This past week, Nicolás Maduro was sworn in as president of the Bolivarian Republic of Venezuela for his second six year term. His first term was marked by hyperinflation, violent repression, flight of foreign investors, shutdown of businesses, bankruptcies, riots, food shortages, mass unemployment, widespread hunger, emigration of over three million citizens to neighbouring countries, escalating violent crime, and a general breakdown in rule of law and democratic institutions. Only fellow socialist nations Cuba, Bolivia and Nicaragua sent representatives to ‘celebrate’ the inauguration.
Venezuela’s descent into misery began with Mr. Maduro’s predecessor and mentor, the charismatic, bombastic former military officer Hugo Chavez. Mr. Chavez began massive government spending, financed by extracting cash from the state-owned oil monopoly, PDVSA (a Spanish acronym of Petroleos de Venezuela S.A.). The rising demands from ‘Chavistas’ meant that PDVSA did not have adequate funds to maintain facilities, production, or its oil and gas reserves, once the second-largest such in the world.
Had Caracas not already controlled PDVSA, its ability to suck the lifeblood out of the national oil industry might have been curtailed. As it was, the volatile price of oil wrought havoc with government finances, and it felt compelled to try to raise revenue elsewhere: with confiscatory taxes; eventually, restrictive import and capital controls; and, ultimately, printing money, which led to hyperinflation and the impoverishment of nearly everyone except the well-connected and the ruling elite.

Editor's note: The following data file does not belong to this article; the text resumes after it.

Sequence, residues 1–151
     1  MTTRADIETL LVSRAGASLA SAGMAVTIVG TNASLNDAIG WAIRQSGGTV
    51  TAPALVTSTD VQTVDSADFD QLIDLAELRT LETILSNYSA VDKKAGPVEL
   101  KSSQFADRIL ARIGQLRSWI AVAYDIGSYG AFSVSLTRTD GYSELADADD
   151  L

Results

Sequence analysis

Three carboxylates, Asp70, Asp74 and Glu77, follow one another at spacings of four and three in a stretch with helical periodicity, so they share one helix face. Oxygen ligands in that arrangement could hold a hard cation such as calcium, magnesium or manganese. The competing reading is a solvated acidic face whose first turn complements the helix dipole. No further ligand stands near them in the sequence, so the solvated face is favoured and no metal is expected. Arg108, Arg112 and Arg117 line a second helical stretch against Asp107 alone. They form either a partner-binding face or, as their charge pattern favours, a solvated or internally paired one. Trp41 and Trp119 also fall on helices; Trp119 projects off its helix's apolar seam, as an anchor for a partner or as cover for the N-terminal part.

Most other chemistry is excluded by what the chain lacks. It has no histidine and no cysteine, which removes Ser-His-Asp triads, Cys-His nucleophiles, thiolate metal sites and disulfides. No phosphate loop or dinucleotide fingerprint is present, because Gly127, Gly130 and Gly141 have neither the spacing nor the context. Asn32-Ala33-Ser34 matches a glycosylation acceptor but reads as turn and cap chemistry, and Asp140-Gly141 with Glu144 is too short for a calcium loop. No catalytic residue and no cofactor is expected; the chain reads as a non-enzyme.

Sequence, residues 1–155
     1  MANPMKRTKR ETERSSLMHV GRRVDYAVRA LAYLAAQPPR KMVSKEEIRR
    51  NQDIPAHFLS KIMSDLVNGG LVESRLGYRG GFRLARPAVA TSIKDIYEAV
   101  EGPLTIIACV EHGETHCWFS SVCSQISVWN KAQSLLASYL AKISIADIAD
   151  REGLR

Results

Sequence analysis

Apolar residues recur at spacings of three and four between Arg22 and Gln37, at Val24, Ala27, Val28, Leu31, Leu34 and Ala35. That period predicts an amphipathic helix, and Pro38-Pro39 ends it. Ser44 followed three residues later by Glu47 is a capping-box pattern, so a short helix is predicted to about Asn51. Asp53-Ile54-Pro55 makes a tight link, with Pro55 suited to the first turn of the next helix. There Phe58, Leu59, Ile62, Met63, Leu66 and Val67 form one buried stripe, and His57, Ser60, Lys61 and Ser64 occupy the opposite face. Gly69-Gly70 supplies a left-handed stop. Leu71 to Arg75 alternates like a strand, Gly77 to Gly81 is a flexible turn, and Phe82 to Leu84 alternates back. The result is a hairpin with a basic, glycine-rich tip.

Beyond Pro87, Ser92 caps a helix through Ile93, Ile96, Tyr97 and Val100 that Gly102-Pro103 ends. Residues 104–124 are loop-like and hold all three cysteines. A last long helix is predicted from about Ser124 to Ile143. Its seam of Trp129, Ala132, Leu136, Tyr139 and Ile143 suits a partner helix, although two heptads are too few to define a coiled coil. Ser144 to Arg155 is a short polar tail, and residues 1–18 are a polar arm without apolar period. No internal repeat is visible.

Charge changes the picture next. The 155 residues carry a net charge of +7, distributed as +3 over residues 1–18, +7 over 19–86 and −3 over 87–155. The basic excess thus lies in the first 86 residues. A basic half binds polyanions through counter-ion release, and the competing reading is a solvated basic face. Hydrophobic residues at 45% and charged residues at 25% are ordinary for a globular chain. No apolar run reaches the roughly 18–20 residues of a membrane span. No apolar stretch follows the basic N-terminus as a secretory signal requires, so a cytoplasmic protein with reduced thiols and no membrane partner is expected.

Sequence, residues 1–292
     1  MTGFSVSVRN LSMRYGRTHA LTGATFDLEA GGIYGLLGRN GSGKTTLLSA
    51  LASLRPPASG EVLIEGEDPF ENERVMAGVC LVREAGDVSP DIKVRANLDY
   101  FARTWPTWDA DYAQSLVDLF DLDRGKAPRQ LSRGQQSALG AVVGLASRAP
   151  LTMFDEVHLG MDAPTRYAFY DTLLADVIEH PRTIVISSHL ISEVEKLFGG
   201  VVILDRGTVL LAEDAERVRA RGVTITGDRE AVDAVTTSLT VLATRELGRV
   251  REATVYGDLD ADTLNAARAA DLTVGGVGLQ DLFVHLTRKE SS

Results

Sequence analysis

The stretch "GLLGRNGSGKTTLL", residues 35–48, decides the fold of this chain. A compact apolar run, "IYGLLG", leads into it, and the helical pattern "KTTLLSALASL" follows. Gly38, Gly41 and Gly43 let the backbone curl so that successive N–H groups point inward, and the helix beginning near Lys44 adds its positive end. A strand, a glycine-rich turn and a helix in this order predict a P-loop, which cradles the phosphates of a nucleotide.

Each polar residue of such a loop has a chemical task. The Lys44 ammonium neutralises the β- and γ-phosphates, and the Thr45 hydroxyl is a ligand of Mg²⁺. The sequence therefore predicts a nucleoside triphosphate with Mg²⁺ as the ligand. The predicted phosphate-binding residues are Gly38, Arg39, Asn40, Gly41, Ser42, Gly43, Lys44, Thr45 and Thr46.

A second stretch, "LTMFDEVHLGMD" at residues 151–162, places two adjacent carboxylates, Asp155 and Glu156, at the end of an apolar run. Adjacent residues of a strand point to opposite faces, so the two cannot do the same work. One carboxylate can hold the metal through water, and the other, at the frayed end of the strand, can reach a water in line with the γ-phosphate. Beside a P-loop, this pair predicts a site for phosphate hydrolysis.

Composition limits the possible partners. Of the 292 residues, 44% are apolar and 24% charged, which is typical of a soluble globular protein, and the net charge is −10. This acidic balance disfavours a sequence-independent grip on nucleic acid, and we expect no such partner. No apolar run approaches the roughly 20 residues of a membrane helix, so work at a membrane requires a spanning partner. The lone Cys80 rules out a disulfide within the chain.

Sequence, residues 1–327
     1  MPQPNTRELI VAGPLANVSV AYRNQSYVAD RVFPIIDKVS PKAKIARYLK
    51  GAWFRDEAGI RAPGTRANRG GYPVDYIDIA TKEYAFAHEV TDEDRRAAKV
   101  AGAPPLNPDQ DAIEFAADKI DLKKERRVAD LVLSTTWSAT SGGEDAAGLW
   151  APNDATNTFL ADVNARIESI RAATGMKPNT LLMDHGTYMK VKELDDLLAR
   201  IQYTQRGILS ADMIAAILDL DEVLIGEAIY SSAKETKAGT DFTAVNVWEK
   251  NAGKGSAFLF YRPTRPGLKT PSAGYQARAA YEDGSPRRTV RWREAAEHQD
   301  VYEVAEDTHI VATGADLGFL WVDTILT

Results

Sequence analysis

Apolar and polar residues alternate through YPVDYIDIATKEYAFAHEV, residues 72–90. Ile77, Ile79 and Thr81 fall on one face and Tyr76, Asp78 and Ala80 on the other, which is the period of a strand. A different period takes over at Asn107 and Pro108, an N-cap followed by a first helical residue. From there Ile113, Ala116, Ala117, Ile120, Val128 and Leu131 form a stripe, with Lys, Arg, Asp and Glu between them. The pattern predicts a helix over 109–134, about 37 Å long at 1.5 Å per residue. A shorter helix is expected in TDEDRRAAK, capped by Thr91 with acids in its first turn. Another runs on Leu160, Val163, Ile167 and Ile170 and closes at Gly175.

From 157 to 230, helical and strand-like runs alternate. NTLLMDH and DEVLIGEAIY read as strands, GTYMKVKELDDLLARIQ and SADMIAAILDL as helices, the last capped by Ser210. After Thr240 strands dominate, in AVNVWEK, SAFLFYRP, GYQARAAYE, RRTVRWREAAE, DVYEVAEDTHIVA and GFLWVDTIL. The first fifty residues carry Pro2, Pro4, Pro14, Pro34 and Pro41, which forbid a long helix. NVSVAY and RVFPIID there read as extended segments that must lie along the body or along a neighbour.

The worst of all this already was apparent before Mr. Chavez died of cancer several years ago, but accelerated as Mr. Maduro desperately played ‘whack-a-mole’ to try to paper over shortages and other failings. PDVSA’s production and exports plummeted, and loans from friendly autocratic kleptocracies Russia and China dried up. Caracas seized foreign assets and nationalized industries, plundered them, and left them dead. The unemployed hordes fled abroad, causing instability in neighbouring countries.
Government’s essential role is to maintain the rule of law and institutions that serve the people. A hard-won precept of Western civilization is that government exists to serve the people, not the other way round. Confidence in government and institutions is hard to keep and easy to lose, especially the trust that personal, economic and market freedoms and rights will be respected and protected, including property rights and currency stability. These things are hard enough to preserve in developed democracies, let alone in fragile, developing economies with weak institutions and suspicious, skeptical populations, as in Latin America.
There are a few nations in Latin America that have gradually gained the respect of individuals and local and foreign investors, and they have reaped the rewards. Chile is the most notable one. It is now considered a developed nation with financial, economic, political and social stability, sound rule of law, and a rapidly falling poverty rate.
Other major nations seeking a more centrally planned, collectivist, or government-centered and less market-friendly path to development, such as Brazil, Argentina, and Mexico have had not only lower economic growth but far less success in reducing poverty and in attracting foreign investors. Colombia and Peru offer encouraging counter-examples. Trust and confidence are hard to establish in personal relationships or reputations; even more so in nations, institutions, rule of law and economies.
There is no easy way to success and prosperity. Taking from one group or groups and giving it to one or more other ones does not accomplish this, but just creates misery and strife. Restoring trust and confidence, let alone prosperity, in Venezuela, will be a long and hard task, as it is in every place that tries to redistribute wealth as a route to nirvana, rather than create conditions that will generate it.